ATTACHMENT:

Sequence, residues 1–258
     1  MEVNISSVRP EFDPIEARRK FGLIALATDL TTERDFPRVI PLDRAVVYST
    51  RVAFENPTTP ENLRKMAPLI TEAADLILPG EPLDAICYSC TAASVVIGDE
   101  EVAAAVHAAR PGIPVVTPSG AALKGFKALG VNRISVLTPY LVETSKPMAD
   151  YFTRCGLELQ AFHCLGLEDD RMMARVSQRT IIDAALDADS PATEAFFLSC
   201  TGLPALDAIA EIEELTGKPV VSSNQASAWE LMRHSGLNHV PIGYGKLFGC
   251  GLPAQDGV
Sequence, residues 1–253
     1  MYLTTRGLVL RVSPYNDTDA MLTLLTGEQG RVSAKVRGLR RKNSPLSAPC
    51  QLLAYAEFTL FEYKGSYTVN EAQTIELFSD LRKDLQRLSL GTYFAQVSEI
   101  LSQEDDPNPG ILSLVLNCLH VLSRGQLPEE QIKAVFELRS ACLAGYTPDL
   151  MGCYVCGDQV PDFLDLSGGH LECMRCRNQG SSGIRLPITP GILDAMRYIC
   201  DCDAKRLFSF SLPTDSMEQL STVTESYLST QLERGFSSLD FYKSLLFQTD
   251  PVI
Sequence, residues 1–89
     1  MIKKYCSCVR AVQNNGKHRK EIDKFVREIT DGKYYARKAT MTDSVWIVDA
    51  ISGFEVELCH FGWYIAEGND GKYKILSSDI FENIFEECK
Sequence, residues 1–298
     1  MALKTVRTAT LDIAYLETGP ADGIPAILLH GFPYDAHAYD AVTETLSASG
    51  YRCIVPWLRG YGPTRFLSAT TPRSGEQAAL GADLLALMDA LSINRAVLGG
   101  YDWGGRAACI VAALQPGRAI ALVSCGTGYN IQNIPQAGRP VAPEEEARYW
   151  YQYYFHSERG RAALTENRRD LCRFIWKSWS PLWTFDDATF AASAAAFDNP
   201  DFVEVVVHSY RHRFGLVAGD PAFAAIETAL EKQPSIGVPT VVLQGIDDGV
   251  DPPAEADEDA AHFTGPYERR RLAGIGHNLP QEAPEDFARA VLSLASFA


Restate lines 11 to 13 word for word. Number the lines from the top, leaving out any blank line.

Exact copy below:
   101  LSQEDDPNPG ILSLVLNCLH VLSRGQLPEE QIKAVFELRS ACLAGYTPDL
   151  MGCYVCGDQV PDFLDLSGGH LECMRCRNQG SSGIRLPITP GILDAMRYIC
   201  DCDAKRLFSF SLPTDSMEQL STVTESYLST QLERGFSSLD FYKSLLFQTD